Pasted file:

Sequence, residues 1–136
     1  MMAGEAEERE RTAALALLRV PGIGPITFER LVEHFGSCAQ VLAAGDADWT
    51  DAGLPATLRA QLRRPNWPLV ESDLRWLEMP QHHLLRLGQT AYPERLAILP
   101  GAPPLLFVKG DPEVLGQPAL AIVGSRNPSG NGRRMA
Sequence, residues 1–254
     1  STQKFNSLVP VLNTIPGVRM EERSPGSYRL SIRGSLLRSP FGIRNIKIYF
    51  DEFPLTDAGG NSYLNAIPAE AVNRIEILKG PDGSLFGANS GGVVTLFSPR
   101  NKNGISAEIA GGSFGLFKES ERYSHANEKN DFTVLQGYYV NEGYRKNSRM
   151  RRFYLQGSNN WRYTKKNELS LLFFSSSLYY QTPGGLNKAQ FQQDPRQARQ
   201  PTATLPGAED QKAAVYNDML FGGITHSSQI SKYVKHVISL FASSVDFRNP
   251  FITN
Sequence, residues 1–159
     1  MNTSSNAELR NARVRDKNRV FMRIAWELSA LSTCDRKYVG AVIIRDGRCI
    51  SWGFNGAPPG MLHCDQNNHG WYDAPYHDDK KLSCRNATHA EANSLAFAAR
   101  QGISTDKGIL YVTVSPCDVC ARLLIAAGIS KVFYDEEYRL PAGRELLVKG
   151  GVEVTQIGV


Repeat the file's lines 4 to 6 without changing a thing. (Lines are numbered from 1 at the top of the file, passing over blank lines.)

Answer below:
   101  GAPPLLFVKG DPEVLGQPAL AIVGSRNPSG NGRRMA
Sequence, residues 1–254
     1  STQKFNSLVP VLNTIPGVRM EERSPGSYRL SIRGSLLRSP FGIRNIKIYF